Niners notebook

As coach Mike Nolan studies film of his team, one thing has become increasingly clear to him: Linebacker Julian Peterson has to be on it in 2005.

The 49ers will tag Peterson as their franchise player, if they are unable to work out a long-term contract extension for the potential unrestricted free agent. Moreover, Nolan is prepared to change the defensive scheme to make better use of Peterson's skills.

"If he is our best player and he will be healthy, there is a good chance, whether just on third down or on regular downs, (the 3-4) is going to be part of our package," Nolan said. "You can count on it at least on third down being part of the package because you have to be versatile on third down."

Peterson underwent surgery to repair a torn left Achilles' tendon on Oct. 12. His rehabilitation has progressed well, Peterson said recently. Beginning Feb. 8, the 49ers can apply the franchise tag to Peterson, virtually assuring themselves of preventing the scheduled free agent from leaving for another team.

"I think we're prepared to do that," Nolan said.

Nolan ran the 3-4 as Baltimore Ravens' defensive coordinator. The 49ers have not used the defense as its every-down scheme since the middle of the 1993 season.

"When you're in a 4-3, it restricts good players like Julian to just pass coverage, unless you're going to blitz and put some secondary players in situations that don't fit them," Nolan said.

--- With Nolan in as head coach and Scot McCloughan as vice president of player personnel, 49ers owner John York expects to avoid the power plays that have characterized the relationship between 49ers coaches and front office since he took control of the team in 1999.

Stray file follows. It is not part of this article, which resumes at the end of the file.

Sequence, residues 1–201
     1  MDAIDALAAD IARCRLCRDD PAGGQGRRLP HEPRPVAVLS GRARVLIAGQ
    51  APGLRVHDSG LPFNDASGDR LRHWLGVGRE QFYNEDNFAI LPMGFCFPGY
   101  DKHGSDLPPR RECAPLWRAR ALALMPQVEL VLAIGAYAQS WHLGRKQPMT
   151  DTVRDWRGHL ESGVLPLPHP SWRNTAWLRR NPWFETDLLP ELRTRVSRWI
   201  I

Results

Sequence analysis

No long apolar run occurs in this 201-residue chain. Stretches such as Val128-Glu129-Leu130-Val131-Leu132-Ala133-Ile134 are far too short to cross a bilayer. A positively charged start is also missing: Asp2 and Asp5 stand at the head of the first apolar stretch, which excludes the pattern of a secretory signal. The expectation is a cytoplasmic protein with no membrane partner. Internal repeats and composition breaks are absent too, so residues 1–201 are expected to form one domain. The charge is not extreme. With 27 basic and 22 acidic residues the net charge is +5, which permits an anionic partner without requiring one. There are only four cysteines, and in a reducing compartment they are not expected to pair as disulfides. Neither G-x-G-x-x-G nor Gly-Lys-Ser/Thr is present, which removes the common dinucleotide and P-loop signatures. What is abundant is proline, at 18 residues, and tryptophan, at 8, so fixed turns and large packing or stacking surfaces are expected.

Coach Steve Mariucci was rarely on the same page with either general managers Bill Walsh or Donahue, and Donahue also did not mesh well with Erickson, whom Donahue hand-picked to replace Mariucci. The organization was without a general manager from the time Dwight Clark resigned late in the 1998 season (to follow Carmen Policy to Cleveland) until York brought in Walsh during the 1999 offseason.

On Jan. 5, York fired both Donahue and Erickson, leaving the team's top two positions vacant. More than anything, it was important to find a coach and a general manager who work together.

York said he believes Nolan and McCloughan will get along famously, as they both hold roles they've never held before. Nolan is a first-time head coach, and McCloughan spent the last five seasons with the Seattle Seahawks as director of college scouting.

"Mike was intimately involved with the interview process," York said. "I think there is already a chemistry there."

The organization has undergone a youth movement among its top executives. Nolan, 45, is the elder statesmen of the group. McCloughan is 33. York's top aides in helping him interview for the head coach and player personnel positions were Paraag Marathe, who turns 28 next week, and Terry Tumey, 39.

"I also see a chemistry between Scott, Paraag and Terry, and that is going to be necessary throughout the building," York said.